Arizona Onstage Productions
'Marvelous Wonderettes' is youthful energy
Show is an interpretation of bygone days
It’s important to understand that “The Marvelous Wonderettes” is not a re-creation of '50s and '60s girl group pop, but an interpretation. This Arizona Onstage production has its own internal logic, more rooted in youthful energy and theatrical performance than in old-timey authenticity.
Director Samantha Cormier, in a previous review, said her own perceptions have been shaped at a distance from what she perceives as her grandparents’ era.
Los Angeles author Roger Bean is the creator of what he calls “jukebox musicals.” They include “The Andrew Brothers,” “Why Do Fools Fall In Love?,” “Life Could Be A Dream,” etc. In them, Bean threads popular songs together with a slight storyline to evoke a specific period.
The story here is set first at the 1958 Springfield High School Prom, then at the 1968 reunion. Four girls from the class are the entertainment as the Marvelous Wonderettes. Their style, honed back in the day in basements and on stoops, concentrates on either close four-part harmonies or three-part background vocals while they take turns as the lead singer.
At the school’s ’68 event, there’s a slightly more assertive tone, which seemed undercut by jarring juxtapositions: the Brill Building simplicity of “It’s In His Kiss” against Laura Nyro’s sophisticated insight in “Wedding Bell Blues,” the laconic “Son of a Preacher Man” with grrl roots-rocker “The Leader of the Pack,” and the supplication of “Rescue Me” segueing uneasily into a demand for “RESPECT.”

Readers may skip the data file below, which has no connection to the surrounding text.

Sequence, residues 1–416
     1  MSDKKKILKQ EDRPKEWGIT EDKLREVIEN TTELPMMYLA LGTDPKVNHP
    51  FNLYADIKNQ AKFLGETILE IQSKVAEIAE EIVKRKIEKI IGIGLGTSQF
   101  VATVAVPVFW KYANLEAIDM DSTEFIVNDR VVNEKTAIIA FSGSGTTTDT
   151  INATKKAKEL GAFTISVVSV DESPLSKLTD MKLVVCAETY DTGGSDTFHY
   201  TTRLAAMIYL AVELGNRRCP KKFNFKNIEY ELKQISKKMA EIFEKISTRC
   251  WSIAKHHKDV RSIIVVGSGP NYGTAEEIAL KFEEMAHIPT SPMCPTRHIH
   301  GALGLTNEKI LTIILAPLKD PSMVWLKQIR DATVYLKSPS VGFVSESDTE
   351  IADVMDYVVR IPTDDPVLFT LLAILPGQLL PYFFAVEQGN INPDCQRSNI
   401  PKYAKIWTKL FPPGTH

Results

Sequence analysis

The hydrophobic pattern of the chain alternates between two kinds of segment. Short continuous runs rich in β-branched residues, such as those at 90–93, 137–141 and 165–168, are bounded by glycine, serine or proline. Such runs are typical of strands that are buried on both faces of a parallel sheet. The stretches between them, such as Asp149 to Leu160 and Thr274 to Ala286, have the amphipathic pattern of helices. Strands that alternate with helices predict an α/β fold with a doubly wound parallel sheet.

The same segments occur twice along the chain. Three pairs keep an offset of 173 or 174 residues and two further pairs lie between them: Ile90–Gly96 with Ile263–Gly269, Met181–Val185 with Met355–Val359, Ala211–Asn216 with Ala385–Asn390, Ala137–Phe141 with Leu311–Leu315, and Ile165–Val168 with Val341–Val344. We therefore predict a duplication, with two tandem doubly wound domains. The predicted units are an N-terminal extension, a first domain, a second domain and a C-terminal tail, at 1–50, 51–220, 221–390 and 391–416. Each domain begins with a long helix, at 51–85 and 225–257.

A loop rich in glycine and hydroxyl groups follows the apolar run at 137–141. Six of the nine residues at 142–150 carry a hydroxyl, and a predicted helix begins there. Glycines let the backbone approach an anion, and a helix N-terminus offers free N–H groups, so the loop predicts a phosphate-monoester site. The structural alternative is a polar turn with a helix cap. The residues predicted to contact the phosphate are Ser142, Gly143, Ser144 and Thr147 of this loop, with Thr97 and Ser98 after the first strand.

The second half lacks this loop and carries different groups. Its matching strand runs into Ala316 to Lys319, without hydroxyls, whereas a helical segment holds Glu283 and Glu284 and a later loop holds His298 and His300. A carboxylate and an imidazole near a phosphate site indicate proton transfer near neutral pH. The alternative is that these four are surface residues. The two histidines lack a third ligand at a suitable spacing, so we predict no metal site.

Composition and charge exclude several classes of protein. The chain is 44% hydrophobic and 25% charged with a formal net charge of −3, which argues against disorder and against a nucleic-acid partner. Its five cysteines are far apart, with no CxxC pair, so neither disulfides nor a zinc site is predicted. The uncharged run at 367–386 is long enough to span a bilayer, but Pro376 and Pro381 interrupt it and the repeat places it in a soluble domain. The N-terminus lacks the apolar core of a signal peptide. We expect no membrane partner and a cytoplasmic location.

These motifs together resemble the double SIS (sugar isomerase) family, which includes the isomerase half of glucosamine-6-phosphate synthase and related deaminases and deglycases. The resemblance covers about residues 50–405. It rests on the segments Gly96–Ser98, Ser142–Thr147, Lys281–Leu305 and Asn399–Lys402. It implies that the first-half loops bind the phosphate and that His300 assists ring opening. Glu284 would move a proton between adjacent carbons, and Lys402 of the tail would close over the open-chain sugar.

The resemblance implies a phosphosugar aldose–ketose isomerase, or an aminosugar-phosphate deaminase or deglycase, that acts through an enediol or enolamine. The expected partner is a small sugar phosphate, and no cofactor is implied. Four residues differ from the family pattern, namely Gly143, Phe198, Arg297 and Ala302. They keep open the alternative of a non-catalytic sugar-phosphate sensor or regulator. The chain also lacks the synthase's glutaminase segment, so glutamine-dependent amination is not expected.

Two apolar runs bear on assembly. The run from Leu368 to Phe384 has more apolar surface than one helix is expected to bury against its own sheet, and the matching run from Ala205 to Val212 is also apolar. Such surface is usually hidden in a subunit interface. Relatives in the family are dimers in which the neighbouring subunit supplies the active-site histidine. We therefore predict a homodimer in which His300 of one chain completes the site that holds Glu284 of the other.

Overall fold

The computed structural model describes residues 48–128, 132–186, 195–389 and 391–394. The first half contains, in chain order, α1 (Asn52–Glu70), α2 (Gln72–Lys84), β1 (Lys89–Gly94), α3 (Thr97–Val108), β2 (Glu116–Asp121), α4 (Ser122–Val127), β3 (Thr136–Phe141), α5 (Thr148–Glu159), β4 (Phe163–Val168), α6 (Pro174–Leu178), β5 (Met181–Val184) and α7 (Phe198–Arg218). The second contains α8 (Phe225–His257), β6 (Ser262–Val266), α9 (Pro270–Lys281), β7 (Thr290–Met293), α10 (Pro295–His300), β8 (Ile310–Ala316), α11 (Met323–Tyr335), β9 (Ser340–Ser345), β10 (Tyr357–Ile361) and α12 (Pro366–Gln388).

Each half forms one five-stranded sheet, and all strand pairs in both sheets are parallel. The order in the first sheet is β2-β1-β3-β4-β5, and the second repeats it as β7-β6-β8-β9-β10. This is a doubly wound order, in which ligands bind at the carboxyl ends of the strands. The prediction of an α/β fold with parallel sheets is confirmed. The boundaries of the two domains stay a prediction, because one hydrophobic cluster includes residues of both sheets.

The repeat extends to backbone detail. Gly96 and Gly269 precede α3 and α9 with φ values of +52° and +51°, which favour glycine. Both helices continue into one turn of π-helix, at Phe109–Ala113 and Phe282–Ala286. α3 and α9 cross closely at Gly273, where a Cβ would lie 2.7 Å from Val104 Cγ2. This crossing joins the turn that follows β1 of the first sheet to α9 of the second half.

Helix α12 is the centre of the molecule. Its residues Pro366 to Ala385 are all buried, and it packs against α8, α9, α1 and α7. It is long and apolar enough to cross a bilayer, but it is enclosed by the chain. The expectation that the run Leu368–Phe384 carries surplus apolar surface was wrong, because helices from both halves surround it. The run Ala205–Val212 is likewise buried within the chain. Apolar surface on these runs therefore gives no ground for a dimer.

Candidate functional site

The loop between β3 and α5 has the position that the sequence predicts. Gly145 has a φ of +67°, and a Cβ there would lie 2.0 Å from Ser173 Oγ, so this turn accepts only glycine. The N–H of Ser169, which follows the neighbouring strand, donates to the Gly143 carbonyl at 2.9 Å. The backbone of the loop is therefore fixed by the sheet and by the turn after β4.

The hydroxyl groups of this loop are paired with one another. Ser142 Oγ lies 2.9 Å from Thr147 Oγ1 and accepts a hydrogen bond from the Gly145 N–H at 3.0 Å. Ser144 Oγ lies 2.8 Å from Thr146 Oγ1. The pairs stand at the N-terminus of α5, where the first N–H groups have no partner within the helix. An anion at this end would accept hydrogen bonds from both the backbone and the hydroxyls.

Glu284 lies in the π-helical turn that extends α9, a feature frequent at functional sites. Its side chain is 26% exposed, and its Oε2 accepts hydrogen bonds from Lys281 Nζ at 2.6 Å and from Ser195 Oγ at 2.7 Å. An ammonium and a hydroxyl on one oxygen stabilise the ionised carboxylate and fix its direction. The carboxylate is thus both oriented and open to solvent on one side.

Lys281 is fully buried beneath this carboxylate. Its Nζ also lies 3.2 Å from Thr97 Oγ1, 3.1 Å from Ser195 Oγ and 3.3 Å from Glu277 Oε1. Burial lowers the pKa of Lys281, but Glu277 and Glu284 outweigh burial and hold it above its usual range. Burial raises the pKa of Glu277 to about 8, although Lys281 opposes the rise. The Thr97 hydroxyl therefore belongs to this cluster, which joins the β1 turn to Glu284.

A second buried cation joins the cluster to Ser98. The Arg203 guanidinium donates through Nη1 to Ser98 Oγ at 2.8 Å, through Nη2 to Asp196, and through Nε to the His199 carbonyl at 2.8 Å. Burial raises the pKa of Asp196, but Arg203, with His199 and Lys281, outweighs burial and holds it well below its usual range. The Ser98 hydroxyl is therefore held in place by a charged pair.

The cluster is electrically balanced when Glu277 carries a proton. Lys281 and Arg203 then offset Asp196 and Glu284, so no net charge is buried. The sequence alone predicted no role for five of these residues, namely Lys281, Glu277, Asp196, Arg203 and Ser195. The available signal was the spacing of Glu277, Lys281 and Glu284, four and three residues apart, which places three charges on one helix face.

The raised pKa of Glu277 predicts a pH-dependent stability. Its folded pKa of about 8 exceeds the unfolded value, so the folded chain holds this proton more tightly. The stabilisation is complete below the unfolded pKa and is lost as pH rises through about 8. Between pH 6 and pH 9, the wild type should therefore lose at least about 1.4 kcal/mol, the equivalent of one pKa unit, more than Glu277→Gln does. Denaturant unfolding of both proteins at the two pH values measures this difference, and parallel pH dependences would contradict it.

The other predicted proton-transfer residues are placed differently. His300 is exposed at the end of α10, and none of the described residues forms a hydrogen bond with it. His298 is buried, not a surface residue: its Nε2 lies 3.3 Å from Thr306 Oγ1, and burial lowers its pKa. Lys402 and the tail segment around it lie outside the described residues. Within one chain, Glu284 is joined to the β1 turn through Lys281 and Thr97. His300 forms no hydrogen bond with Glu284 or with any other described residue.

Although ostensibly focusing on a girl group, the song selection includes music originally popularized by solo singers like Patti Page, Leslie Gore and Dusty Springfield, as well as Bobby Darin and the Everly Brothers. The overall effect is more focused on mood than historical fidelity.
Unfortunately, the program gives no credit or information regarding original versions of its songs, further untethering its context. The use of preprogrammed instrumentals for the live vocals is an understandable and acceptable compromise given budget and space limitations.
"We ran out of time and room in the program to credit everyone," Cormier said.
Musically, the quartet, portrayed by Shanna Brock, Liz Cracchiolo, Janet Roby and Jacinda Rose Swinehart, played well together, though it sometimes took them a moment to sweeten out the intricate harmonies. There were also occasional problems mixing their four individual live performances in real time through the PA system with the recorded background music.
That’s at best a pretty unforgiving task, especially in a small hall with wooden floors like the Cabaret Theatre. That, however, should smooth out over subsequent performances. Cracchiolo and Swinehart were particularly strong in ensemble and as soloists – both are veterans of earlier Onstage Arizona musicals, including Swinehart’s dynamic work co-starring in last year’s “Sweeney Todd.”
On the theatrical side, the four characters have what would eventually be termed “issues,” mostly around boyfriend boundaries. The four Wonderettes squabbled, fussed, supported and forgave just like family. Individually, Cormier’s blocking studiously recreates the awkwardness of the first time on stage. There they forget that their interpersonal dramas are playing out embarrassingly before others. But BFF’s before we knew that’s what to call them, they all hang in there for each other, experiencing personal growth and maybe even happiness along the way.
"Remember, girls, it's your first time on the stage, " Cormier directed her actors.
However, characters, like story, are subordinate to the music here. The opportunity to string together these songs is its own purpose, so don’t look too deeply for character arcs or meaning. Enjoy the enthusiastic performances, marvel at the social mores implied by the lyrics, and revel in the harmonies of a different era.